The Open Office: Behind The Scene Story

The story is familiar: Microsoft develops (or licenses and re-brands) a product, shrewdly distributes the product globally, then positions and promotes the product until it dominates the marketplace, leaving the consumer with little to no choice for the open office. People don’t enjoy being told what to buy and eventually, new solutions started to sprout up.

Microsoft OS

First came the operating systems, where Microsoft started to see growing competition for Windows. This competition was not just with Mac OS. Linux, Ubuntu and others started to rise in popularity by tapping into people’s sensibilities (ie: free-ness), and embracing the open-source revolution. So while Windows still current dominates, the tide is turning.

The Internet Explorer Browser

Next came Internet Explorer, which brought Microsoft into the courtroom as defendants on many anti-trust and monopoly lawsuits in the open office. This pushed the Mozilla Foundation and the many open-source and free browsers its supports (Firefox, Opera, etc.) into the limelight and forever changed the way people browse the internet.

OpenOffice Vs Microsoft office

The next character to venture into this story is OpenOffice and’s 20+ years of supporting the development of a free, open-source productivity suite to compete directly with Microsoft’s excessively successful MS Office. In case you missed that OpenOffice is FREE, MS Office is NOT.

All those programs you love to hate, Word, Excel, Access, PowerPoint, are there. They have a word processing program called Writer, a spreadsheet called Calc, and a presentation program called Impress in the open office.  Additionally, there’s a database program and apps for drawing, HTML, and even a math equation editor.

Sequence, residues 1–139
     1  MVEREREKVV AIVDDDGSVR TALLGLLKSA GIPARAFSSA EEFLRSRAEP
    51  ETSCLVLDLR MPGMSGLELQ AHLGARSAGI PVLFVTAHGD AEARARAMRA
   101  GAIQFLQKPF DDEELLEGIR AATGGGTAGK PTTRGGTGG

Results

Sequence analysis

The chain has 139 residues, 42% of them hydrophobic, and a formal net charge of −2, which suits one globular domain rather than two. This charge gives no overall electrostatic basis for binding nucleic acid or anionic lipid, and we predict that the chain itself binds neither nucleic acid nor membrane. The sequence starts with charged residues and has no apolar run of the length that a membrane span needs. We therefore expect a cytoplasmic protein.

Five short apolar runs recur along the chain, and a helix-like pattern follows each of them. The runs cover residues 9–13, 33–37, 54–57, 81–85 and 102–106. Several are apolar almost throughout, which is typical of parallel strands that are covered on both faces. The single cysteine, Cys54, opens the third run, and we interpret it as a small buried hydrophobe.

The best part of this suite is the ease of use. All the applications function very similarly to their equivalent in Office, so the learning curve is minimal. For advanced users, they’ve included Macro’s, Pivot Tables (known as Data Pilots), and the keyboard shortcuts are virtually identical. If you’re stumped, introduce yourself to the OpenOffice community, I guarantee you’ll find the answer you need.

So if you don’t enjoy opening your wallet for a new MS Office version every 3-4 years (Office 2010 is due out soon), consider making the switch. The range of formats supported by OpenOffice is incredible and includes all MS Office extensions (.doc, .docx, .xls, .xlsx, etc.). It’ll even convert from one format to the other for you.

Not convinced? Check out some reviews and side-by-side comparisons. When you’re done, get your copy of OpenOffice here at not responding.

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